Unemployment Insurance Hearing
You received a "notice of determination" that your unemployment insurance claim has been denied. That's a hard blow when you need that money. What can you do about it? You can request a hearing before an administrative law judge to dispute the denial.
Unemployment insurance claims are often denied for reasons such as:
- Failing to make a timely request
- Quitting voluntarily without good cause
- Employee terminated for misconduct
- Making false statements
To obtain a hearing you must request one in writing from your state's Department of Labor. You need to do so within a set amount of days from the date the determination letter was mailed. (Typically 30 days, but it varies by state). The request letter should include your full name, address, social security number, unemployment case number, and a statement that you disagree with the determination.
Often, hearing dates are set just a few days before the actual hearing so you won't have much time to prepare. You can start to prepare for the unemployment insurance hearing even before receiving notice of the hearing date. This might be a good time to hire an employment lawyer.
How to Prepare for an Unemployment Insurance Hearing
At the unemployment insurance hearing, you will have the opportunity to present evidence, such as papers, physical evidence, or witness testimony, in support of your position.
Here are steps you can take now to prepare for the unemployment insurance hearing.
- Gather all paperwork and evidence to support your eligibility. This may include performance evaluations, pay stubs, phone bills, warning letters, and employee handbooks.
- Anticipate what you will say to prove your case. Have an outline of points related to the reason for denial and your separation, as stated in the denial letter.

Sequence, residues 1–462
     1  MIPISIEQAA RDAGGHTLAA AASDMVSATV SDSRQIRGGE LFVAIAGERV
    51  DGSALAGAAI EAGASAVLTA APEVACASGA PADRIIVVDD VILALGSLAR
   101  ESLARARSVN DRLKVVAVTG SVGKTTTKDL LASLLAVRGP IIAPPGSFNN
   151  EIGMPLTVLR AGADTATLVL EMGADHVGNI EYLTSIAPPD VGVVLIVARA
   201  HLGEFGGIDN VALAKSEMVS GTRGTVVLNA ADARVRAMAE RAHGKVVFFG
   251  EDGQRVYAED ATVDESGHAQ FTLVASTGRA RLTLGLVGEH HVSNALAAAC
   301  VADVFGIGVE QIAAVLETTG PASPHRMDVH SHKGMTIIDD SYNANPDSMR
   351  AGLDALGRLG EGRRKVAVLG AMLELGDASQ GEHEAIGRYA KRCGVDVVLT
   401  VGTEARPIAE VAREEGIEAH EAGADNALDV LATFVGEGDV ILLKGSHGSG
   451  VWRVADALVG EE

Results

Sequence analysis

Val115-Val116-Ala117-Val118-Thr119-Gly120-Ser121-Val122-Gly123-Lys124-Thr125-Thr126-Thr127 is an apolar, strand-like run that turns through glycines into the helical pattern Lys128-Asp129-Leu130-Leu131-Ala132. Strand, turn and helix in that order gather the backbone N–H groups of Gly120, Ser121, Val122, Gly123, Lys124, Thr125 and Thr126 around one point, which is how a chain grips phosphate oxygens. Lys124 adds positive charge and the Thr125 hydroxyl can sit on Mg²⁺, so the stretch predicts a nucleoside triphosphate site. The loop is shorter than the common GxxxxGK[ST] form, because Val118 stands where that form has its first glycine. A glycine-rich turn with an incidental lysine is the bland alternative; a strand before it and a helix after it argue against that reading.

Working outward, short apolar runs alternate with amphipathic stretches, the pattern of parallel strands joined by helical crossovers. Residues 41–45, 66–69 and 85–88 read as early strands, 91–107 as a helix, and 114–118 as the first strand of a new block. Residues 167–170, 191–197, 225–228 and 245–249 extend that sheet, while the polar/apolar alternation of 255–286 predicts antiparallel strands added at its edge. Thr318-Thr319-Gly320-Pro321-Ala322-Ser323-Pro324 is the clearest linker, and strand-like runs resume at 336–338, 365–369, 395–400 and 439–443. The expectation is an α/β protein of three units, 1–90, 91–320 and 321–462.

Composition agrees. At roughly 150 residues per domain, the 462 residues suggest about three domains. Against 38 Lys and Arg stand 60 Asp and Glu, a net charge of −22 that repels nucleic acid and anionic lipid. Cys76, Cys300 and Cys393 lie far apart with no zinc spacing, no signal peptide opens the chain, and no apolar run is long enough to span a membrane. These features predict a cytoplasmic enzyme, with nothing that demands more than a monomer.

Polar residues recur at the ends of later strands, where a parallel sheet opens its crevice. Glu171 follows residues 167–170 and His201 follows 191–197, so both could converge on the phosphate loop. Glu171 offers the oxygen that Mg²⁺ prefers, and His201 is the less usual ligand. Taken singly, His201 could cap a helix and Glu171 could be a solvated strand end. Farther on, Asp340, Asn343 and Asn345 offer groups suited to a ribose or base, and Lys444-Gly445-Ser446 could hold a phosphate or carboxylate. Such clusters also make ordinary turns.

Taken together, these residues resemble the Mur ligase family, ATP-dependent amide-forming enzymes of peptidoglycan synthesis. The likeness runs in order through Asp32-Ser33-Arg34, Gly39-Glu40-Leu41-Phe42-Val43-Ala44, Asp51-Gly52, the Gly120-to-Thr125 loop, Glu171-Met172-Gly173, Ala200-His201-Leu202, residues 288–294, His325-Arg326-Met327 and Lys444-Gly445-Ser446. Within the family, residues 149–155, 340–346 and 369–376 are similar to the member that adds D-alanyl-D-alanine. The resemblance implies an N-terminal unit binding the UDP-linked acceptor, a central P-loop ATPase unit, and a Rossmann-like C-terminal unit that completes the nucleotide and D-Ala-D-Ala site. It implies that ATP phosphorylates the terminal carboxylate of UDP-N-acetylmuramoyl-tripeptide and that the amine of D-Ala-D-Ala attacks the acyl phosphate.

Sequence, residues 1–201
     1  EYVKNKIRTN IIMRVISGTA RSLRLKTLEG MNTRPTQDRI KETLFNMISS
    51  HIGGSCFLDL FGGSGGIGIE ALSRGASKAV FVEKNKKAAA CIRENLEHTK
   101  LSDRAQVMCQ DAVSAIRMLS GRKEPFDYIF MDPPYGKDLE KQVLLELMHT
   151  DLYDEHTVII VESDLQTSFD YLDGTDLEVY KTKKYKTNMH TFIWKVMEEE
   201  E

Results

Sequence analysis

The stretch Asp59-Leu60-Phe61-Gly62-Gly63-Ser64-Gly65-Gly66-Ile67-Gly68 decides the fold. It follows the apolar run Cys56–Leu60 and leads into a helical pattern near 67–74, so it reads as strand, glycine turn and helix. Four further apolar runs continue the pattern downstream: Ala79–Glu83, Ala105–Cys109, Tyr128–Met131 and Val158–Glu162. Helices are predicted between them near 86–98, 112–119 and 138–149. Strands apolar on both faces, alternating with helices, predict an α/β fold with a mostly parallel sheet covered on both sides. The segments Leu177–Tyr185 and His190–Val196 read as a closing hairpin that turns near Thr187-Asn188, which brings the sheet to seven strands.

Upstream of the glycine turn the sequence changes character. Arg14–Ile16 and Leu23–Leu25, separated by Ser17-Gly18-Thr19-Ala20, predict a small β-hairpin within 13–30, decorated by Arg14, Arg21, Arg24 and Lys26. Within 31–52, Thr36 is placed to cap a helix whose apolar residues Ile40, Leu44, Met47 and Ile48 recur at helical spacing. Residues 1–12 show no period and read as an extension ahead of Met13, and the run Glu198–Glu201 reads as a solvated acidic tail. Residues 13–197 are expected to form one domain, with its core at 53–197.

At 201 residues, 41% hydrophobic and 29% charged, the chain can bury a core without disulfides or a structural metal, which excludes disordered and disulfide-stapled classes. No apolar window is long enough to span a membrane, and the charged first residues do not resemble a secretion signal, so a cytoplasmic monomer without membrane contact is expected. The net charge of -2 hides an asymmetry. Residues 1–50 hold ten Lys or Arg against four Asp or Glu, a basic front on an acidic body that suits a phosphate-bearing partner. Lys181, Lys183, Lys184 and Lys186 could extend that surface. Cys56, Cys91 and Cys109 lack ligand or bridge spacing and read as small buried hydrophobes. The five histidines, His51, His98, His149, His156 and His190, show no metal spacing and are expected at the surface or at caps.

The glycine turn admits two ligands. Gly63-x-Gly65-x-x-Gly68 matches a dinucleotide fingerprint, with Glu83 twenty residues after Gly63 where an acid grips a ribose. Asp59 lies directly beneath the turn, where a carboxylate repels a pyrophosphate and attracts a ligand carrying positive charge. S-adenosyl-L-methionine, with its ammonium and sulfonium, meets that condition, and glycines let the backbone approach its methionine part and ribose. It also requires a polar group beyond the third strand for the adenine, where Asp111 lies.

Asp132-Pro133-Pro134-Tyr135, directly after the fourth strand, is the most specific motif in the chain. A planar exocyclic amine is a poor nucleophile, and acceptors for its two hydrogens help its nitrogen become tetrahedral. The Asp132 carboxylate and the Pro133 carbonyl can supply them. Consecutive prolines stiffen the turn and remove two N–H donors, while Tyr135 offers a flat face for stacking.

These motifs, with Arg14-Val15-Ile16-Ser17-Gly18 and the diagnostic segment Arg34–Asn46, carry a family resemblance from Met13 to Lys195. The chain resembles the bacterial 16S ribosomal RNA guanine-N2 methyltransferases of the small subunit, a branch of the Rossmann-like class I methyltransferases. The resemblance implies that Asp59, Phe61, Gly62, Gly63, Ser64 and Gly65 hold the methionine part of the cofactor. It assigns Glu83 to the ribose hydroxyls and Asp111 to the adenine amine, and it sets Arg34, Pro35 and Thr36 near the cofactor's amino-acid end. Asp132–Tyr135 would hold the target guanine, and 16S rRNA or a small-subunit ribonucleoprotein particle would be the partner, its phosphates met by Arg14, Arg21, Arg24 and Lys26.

- Ask witnesses to attend the hearing and testify on your behalf, or obtain written statements from them in advance.
- Employers are often represented by counsel in unemployment proceedings. You may wish to have an attorney represent you during the hearing as well.
On the day of the hearing:
- Arrive early and dress appropriately for court (neat business attire, for example)
- Review your file if it is available in your state
- Prepare to be sworn in, and for your witnesses to be sworn in
- Stay calm and unemotional when presenting your claim
- Avoid arguing with the hearing officer or lawyer who may ask questions.
During the hearing, you will have an opportunity to tell your side of the story. It's important that you stick to the facts and avoid making any false statements—hearings are often recorded, and those recordings can be used as reference in the future. This is also the time for you to present any evidence, including witness testimony, to support your case.
You will also have the opportunity to cross-examine your former employer and their witnesses (if any) and give a closing statement.
Appeals Process If You are Denied
If you are again denied unemployment insurance and you feel the decision was incorrect, you must promptly file a written letter of appeal, usually again within 30 days (and sometimes less). Your appeal letter should include your name, address, social security number, and case number, and should include a statement that you are requesting an appeal.
Keep in mind that the appeals process can be time-consuming and costly. Depending on the circumstances of your case, you may decide an appeal is not worth it for you. Your lawyer can best advise you on this matter.
If You Want to Appeal an Unemployment Denial, Talk with a Lawyer
For legal advice concerning the unemployment insurance appeals process, contact a local employment lawyer.
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